My most recent community of interest has been that of greek life organizations. I don't know if it's because rush and recruitment are in the air but it seems like I can't escape all of the brotherly and sisterly love! I wonder how the idea of a community is changed when you get to pick the people who are included in it. Are the connections more intense? It would seem as though a community such as a sorority should be more real (less imagined) than an entire nation . . . but is that really so? When I think of the "families" that are created it all just seems pretty inauthentic to me, pretty imagined. Especially the way that as soon as someone new is initiated the sisters claim to love that girl as if they've known her all their lives. It's all a bit over the top if you ask me. I'm not trying to offend people who are involved in greek life by any means! I just think it's interesting that small communities of people imagine bonds similar to those an entire nation creates, that on some level all communities (even close-knit ones) are imagined.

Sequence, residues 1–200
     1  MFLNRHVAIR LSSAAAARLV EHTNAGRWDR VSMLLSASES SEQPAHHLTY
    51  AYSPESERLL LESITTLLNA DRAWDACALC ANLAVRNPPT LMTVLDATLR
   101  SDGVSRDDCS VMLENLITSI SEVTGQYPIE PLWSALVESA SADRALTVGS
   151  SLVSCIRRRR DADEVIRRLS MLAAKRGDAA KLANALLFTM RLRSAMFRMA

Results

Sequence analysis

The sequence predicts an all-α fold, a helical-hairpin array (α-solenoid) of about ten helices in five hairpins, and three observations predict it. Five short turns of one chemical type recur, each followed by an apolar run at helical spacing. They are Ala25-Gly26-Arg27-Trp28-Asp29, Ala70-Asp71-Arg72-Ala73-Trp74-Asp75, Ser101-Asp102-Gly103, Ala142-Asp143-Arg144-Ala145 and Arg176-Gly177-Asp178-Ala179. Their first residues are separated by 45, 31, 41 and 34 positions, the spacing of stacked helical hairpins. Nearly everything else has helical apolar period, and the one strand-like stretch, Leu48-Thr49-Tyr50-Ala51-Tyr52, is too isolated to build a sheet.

Thursday, February 3, 2011
Sororities: What Would Benedict Anderson Say?
When Benedict Anderson wrote about communities he was basing his ideas around nationalism and how it makes large groups of people imagine connections between themselves and those they will never meet. But that hasn't stopped me from trying to think of ways in which this idea of imagined communities could be brought down to a much smaller scale. I find the idea of communities being all in our heads oddly fascinating because it's one of those instances where I understand that it's a tad ridiculous to feel connected to people I will never truly know and yet I still have those sentiments. It's an odd phenomenon.